The Hole in the Ground was shot on location in Dublin, Kildare and Wicklow and was produced by Conor Barry and John Keville for Savage Productions with Benoit Roland and Ulla Simonen for Wrong Men and MADE. The film was funded by Screen Ireland, the BAI and Headgear Films with support coming from Wallimages and the Finnish Film Foundation.
Wildcard Distribution will be releasing the film in Ireland.
Vertigo Releasing will be distributing the film in the UK.
Cellar Door tells the story of young lover Aidie (Karan Hassan) as she searches for her son while in the grip of the Church. But as she gets closer to the truth, she suffers uncontrollable shifts in time and place that send her spiralling. With a unique point of view on a familiar trauma, Cellar Door cuts deep into Aidie’s subjective experience.
Something is forcing Aidie to relive the moments that led to her being institutionalised. Aidie must work out the mystery, break free from the cycle and find her son.
At its core,Cellar Door is an emotional, character driven story. At its surface, it is a physical manifestation of the state of Aidie’s mind. The film is the journey from that core to that surface. It is a subjective study of Aidie as she unravels the emotionally charged mystery of her life.
Cellar Door is a moving mystery thriller – an exploration of love regained and loss relived – that ends with a jolt as Aidie awakens to something beyond all expectations
Ken Wardrop’s Making The Grade invites us into the world of the piano lesson. Every year teachers and students throughout Ireland prepare for graded musical exams. These exams can be pleasing for some but daunting for others. Each student has their own goal but reaching Grade Eight is considered a pinnacle. This endearing and uplifting documentary explores the bond between piano teachers and their pupils as they struggle through these grades. This is a story of the transformative power of music and the pride and happiness it provides both the students and teachers. It may inspire us all to keep making the grade.
The filmmakers travelled the length and breadth of the country to film with teachers and their students as they prepared for their piano grade exams. The film features characters from as far afield as Kylemore Abbey in the West, to Derry City in the North and down to Crosshaven, Cork in the South.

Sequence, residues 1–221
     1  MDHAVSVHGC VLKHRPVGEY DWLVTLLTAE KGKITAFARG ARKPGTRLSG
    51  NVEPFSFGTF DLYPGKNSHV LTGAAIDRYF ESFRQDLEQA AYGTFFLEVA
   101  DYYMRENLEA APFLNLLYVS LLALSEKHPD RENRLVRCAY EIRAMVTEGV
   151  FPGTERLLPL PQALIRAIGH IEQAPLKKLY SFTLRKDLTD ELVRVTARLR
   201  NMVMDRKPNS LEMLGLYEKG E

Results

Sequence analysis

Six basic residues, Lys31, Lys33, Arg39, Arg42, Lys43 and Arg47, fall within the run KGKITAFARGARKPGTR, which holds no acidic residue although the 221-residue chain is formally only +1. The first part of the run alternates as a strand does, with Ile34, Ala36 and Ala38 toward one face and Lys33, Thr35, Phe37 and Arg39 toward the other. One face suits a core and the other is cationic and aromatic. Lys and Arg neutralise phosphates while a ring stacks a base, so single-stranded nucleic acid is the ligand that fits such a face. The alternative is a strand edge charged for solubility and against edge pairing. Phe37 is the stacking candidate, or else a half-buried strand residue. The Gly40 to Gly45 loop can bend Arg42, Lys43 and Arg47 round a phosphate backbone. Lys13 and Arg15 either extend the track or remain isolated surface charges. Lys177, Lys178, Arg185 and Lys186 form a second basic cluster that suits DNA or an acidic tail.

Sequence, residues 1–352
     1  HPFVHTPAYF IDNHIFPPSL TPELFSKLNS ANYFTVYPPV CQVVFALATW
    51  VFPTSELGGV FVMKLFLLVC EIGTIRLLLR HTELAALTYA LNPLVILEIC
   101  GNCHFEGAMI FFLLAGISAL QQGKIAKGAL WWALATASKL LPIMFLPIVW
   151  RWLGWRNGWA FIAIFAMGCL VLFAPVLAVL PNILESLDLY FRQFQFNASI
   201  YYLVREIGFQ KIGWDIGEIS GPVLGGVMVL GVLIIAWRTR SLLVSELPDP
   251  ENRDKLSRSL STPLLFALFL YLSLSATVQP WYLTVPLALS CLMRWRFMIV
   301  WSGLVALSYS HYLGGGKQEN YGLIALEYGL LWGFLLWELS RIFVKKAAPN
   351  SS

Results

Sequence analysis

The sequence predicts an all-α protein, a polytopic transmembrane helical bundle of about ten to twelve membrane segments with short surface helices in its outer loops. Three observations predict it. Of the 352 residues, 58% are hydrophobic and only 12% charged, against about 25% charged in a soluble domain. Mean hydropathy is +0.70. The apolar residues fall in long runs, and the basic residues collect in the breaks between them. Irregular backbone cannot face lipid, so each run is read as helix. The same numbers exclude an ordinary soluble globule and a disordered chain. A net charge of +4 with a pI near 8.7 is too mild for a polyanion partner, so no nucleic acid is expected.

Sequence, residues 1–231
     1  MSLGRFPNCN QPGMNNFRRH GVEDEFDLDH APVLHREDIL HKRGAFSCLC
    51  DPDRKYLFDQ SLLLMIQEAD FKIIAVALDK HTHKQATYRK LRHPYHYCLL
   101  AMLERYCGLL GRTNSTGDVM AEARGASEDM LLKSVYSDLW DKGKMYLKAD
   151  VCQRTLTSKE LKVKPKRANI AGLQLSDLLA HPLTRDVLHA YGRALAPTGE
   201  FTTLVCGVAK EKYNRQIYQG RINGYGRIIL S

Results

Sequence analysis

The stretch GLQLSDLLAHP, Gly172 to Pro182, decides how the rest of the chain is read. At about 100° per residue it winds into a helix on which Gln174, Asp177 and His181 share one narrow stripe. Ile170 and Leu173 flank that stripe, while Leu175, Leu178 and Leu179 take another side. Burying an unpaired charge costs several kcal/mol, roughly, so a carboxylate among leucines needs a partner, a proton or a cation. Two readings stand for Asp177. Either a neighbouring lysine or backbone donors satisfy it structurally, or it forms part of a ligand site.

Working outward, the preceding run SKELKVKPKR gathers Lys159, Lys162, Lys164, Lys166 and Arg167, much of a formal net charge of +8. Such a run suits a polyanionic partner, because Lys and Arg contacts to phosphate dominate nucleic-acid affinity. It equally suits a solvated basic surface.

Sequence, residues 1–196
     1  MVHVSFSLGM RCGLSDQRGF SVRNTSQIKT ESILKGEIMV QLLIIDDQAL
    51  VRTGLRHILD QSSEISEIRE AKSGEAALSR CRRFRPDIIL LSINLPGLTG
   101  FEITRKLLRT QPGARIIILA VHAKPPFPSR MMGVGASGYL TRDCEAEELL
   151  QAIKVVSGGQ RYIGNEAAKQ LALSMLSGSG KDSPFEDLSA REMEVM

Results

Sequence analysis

Making The Grade will screen at this year’s SXSW film festival and is in Irish cinemas from 13th April.
Making The Grade is a Reel Art film funded by the Arts Council and operated in association with Filmbase.
Yorgos Lanthimos’ highly anticipated The Killing of a Sacred Deer will be released in cinemas on November 3rd .
Lanthimos has crafted a sensational thriller brimming with unsettling humour and creeping dread, steeped in Greek tragedy, existential horror, Hitchcockian psychodrama, and riveting suspense. Darting confidently between genres to subvert our expectations at every turn, The Killing of a Sacred Deer firmly cements Lanthimos in the pantheon of world-class auteurs and marks him as a cinematic provocateur without precedent.
Dr. Steven Murphy (Colin Farrell) is a renowned cardiovascular surgeon presiding over a spotless household with his ophthalmologist wife Anna (Nicole Kidman) and their two exemplary children, 12-year-old Bob (Sunny Suljic ) and 14-year-old Kim (Raffey Cassidy). Lurking at the margins of his idyllic suburban existence is Martin (Barry Keoghan), a fatherless teen who Steven has covertly taken under his wing. As Martin begins insinuating himself into the family’s life in ever-more unsettling displays, the full scope of his intent becomes menacingly clear when he confronts Steven with a long forgotten transgression that will shatter the Murphy family’s domestic bliss.
The film was produced by Ed Guiney and Andrew Lowe’s Element Pictures, the producers of The Lobster and Oscar-winner Room. It was financed by Film4 and the Irish Film Board, who also were financiers of The Lobster , and New Sparta Films, whose involvement was brokered by HanWay Films. The project was developed by Element Pictures and Film4. HanWay Films are the worldwide sales agent.
The Drummer and The Keeper tells the story of the unlikely friendship formed between two young men; Gabriel, a reckless young drummer with bipolar disorder, who revels in rejecting society’s rules and Christopher, a 17 year old with Asperger’s Syndrome, who yearns to fit in. This heartwarming story, shows the strength of the human bond, in the face of adversity.
Written and directed by Nick Kelly, whose short film Shoe was shortlisted for an Academy Award, The Drummer and The Keeper was produced by Kate McColgan for Calico Pictures, with support from the Irish Film Board.
The Drummer and The Keeper is in cinemas from 8th September 2017